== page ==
13. You probably will not have to use the Command Center to control the Powercab+ unless you decide to connect via MIDI. Use the L6 Link instead! You can always assign Powercab parameters to snapshots for more granular control. For a simple and powerful setup using the Powercab+''s onboard speaker models(your stated objective) I would use do the following: Connect your Helix and PC+ via L6 Link. Select any blank preset on the PC+. This will be your "workbench" preset and all your Helix presets/snapshots will use it. Go to the Output block on your Helix preset and page over to the second page in the parameters. Set 'Powercab Remote' = "Per Preset" and 'Powercab Mode' = "Speaker". Select your preferred speaker and mic type & mic distance in the 'Speaker 1+2 Type', 'Speaker 1+2 DI mic', and 'Speaker 1+2 Mic Dist' parameters. Note: The 'Speaker 1+2 Mic Dist' parameter is on the third page of parameters. There are other parameters you can set such as the low and high cut but those mentioned are probably the most pertinent. Optional: If you want to change your speaker, mic & distance between snapshots, as waymda referred to, you can assign the 'Speaker...' parameters(mentioned in step #4 above) to snapshots either from HX Edit, or directly on the Helix using the usual method of pressing and turning the parameter's control knob(snapshot assign). Then just select the values you prefer for those parameters as needed for each snapshot. Note: You may want to at least experiment with trying the Powercab+'s FRFR modes or even loading it with some IRs as well, and determine whether you prefer the speaker models, IRs, or FRFR mode on the PC+, or the modeled cabs or IRs run from the Helix.
  14. The Variax can use standard Ethernet cables but it is better to get a VDI cable with an Ethercon connector end. VDI are RJ45(Ethernet) cables but much sturdier, tend to be better insulated and coated, and are terminated with the much superior Ethercon connectors. As Silverhead alluded to they, are more robust and attach to the hardware on the Variax and Helix/LT. This exerts much less strain on the more delicate parts of the Ethernet jack than having only a standard Ethernet cable plugged in. Granted, it is no tragedy if you damage a standard $10 Ethernet cable. Quite another matter if you have to repair the jacks on your guitar or device. A VDI cable is road-ready and presents far less risk of yanking out in a live situation. Line 6 makes a good one and there are third party Ethercon cables to be had as well. So...for purposes of testing or even as a backup for your backup VDI cable you could use a standard Ethernet cable. No one can recommend it though due to the risk of equipment/cable damage. Would hate to have to get a repair for lack of a sturdy cable.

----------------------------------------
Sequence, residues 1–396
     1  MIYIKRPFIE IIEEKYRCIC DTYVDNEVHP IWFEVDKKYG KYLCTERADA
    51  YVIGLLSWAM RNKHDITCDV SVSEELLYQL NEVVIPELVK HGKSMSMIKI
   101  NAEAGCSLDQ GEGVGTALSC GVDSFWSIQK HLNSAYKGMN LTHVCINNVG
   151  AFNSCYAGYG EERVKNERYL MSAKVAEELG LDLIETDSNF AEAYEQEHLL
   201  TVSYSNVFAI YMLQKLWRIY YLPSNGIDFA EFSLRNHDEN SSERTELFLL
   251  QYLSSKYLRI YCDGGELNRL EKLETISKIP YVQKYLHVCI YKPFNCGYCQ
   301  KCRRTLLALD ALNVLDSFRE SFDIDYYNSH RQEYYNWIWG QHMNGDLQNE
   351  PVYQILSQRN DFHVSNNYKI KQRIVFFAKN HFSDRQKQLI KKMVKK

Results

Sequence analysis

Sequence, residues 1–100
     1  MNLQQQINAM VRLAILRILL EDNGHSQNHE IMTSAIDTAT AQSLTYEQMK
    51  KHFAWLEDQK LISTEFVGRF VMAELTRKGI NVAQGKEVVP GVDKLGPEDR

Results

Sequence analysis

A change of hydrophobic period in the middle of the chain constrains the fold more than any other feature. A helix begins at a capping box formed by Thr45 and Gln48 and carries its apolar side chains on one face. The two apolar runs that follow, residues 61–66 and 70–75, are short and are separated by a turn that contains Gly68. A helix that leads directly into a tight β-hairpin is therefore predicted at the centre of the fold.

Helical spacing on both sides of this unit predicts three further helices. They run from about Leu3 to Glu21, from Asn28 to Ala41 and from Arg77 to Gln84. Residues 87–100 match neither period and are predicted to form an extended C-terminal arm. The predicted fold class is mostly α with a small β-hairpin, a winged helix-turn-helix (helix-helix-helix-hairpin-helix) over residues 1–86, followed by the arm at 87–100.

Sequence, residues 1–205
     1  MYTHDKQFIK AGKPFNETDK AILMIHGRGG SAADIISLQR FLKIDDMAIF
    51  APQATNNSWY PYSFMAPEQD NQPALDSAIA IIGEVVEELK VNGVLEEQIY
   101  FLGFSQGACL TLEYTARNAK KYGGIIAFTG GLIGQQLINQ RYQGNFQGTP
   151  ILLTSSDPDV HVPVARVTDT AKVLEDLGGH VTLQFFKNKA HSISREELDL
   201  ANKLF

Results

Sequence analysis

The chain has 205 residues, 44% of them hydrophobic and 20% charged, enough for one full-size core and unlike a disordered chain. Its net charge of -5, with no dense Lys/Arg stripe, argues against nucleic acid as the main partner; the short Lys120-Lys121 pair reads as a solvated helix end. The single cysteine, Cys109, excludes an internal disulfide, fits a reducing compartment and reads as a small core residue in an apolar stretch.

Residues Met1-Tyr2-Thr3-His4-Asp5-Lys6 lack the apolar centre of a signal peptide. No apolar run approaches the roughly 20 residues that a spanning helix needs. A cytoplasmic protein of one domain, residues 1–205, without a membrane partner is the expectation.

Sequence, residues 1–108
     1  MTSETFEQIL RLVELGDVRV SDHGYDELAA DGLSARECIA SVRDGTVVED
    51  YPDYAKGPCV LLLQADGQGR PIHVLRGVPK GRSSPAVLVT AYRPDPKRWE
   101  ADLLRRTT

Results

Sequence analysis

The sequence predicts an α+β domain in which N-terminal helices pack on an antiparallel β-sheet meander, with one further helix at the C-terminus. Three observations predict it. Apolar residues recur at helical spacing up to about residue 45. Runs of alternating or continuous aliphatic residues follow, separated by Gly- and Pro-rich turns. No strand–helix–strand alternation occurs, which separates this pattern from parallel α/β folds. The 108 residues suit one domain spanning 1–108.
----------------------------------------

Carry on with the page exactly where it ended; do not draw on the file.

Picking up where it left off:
15. Don't remember that episode but then I didn't see the "Human Centipede" film either. Point well taken though.
  16. Agree, in-app purchases might be the issue here. Not too inclined to purchase something that is working already, albeit more clunkily. Not a huge fan of in-app purchases in general although I buy 'em if I need 'em. Didn't I already pay for the app? I suppose they allow basic versions of the apps to be more affordable and provide more R&D money for developers for additional features but I absolutely draw the line at the sub-innermost-post-in-app purchases ;-)
  17. That is why I believe we need to adopt a model where every consumer owns their own personal data. You and only you should get to designate how and by whom it can be used, and receive commensurate royalties, goods, and/or services in return when you do allow its use. Resale of your data to(currently mostly unspecified) third parties should be strictly prohibited without your express knowledge and permission. And let's get rid of these blanket, vague, legalese, fifty page user agreements in microscopic print which you are forced to sign to use almost any app or service that allow sale and resale of your data to anyone and everyone. I think Europe is heading more in this direction but the U.S. appears to be far behind on privacy concerns and way ahead on the wholesale commodification of personal data. Some of it for some very unsavory purposes that do consumers great harm (including purchase by outright criminal enterprises). Simple example, nothing criminal here, just business as usual - There is nothing necessarily stopping your health insurance company from buying access to the data history on your fitness watch and adjusting your health insurance rates accordingly; your car insurance company from using your Google Maps or Waze data to determine your driving habits and apply them to your vehicle insurance rates. You should have the right to make an informed decision about how your data will be used, and if you agree, be fairly compensated. The sad thing is those are examples of some of the more innocuous potential uses of "personal" data. They get a lot worse. There is a whole new generation now that has been born into this model and is ignorant of the value and incredible revenues their personal data generates. Something I believe they are entitled to a piece of the action on. Younger folk increasingly place less and less of a premium on privacy and no longer even expect it, just as they have been conditioned to, even though it is a highly valuable commodity. It can be considered legal tender in the information age. Legality and fairness have yet to catch up with the technology. Apologies to the OP for veering a bit far afield and probably off topic. Off to the lounge with me(who am I kidding? I'm never in the lounge).